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Friday, March 22, 2002

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  • Stunning Depths of Government Collaboration with Enron Revealed

    We are going to begin with a Democracy Now! exclusive. The Institute for Policy Studies in Washington DC today willrelease an explosive new report saying that Enron Corp. was able to become a global giant only because governmentagencies, both American and foreign, gave it more than $7 billion in publicly funded financing over the past decade.The report is called "Enron’s Pawns: How Public Institutions Bankrolled Enron’s Globalization Game." The reportbegins:

    “Many public officials have described Enron’s demise as the product of corporate misbehavior. This perspectiveignores a vital fact: Enron would not have scaled such grand global heights, nor fallen so dramatically, without itsclose financial relationships with government agencies. Since 1992, at least 21 agencies, representing the U.S.government, multilateral development banks, and other national governments, helped leverage Enron’s global reach byapproving $7.219 billion in public financing toward 38 projects in 29 countries. For example:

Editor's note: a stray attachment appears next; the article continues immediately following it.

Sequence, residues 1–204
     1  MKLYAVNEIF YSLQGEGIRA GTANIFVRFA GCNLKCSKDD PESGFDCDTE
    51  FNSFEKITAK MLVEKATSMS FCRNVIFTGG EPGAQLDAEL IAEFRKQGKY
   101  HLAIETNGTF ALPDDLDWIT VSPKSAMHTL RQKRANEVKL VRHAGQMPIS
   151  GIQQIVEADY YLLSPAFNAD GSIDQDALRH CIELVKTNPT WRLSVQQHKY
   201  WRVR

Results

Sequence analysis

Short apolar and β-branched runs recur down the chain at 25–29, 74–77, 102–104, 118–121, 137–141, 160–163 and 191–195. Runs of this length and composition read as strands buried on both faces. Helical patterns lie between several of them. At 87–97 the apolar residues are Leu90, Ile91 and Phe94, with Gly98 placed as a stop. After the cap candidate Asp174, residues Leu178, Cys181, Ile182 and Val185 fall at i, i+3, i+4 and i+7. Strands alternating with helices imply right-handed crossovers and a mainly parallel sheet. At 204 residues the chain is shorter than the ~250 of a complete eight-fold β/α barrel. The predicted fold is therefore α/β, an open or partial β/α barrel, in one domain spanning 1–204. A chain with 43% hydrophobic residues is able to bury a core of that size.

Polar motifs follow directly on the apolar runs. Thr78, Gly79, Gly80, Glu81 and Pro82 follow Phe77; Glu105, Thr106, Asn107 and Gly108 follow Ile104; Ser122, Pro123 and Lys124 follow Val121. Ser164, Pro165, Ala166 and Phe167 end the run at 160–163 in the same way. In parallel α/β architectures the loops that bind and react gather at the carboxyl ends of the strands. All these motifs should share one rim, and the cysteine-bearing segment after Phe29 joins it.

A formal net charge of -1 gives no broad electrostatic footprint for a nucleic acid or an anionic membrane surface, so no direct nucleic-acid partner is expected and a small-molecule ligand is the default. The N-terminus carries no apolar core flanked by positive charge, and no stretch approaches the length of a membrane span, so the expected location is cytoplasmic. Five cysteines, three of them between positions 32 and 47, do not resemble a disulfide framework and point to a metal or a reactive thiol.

• The Hollywood Film "John Q" Takes On the Health Insurance Industry

    The Oscars are this Sunday. In 74 years of the Oscars, the most prestigious movie awards, only six acting trophieshave gone to African-Americans. But this year, much is being made about it being a good year for African Americans.The honorary Oscar will go to Sidney Poitier for his life’s work. 38 years ago, Poitier won best actor for Lilies ofthe Field. This year is the first time African-American performers could win both major acting categories. HalleBerry is up for best actress in Monster’s Ball and Denzel Washington for best actor in Training Day.

  • An Oscar Nominated Film, "Promises", Looks at Israel and Palestine Through the Eyes Ofchildren

    Israelis and Palestinians resumed truce talks today, despite two recent Palestinian suicide attacks, including onethat killed three Israelis yesterday. The attacks initially prompted Israel to walk out on the talks, and sparked asharp rebuke from President Bush.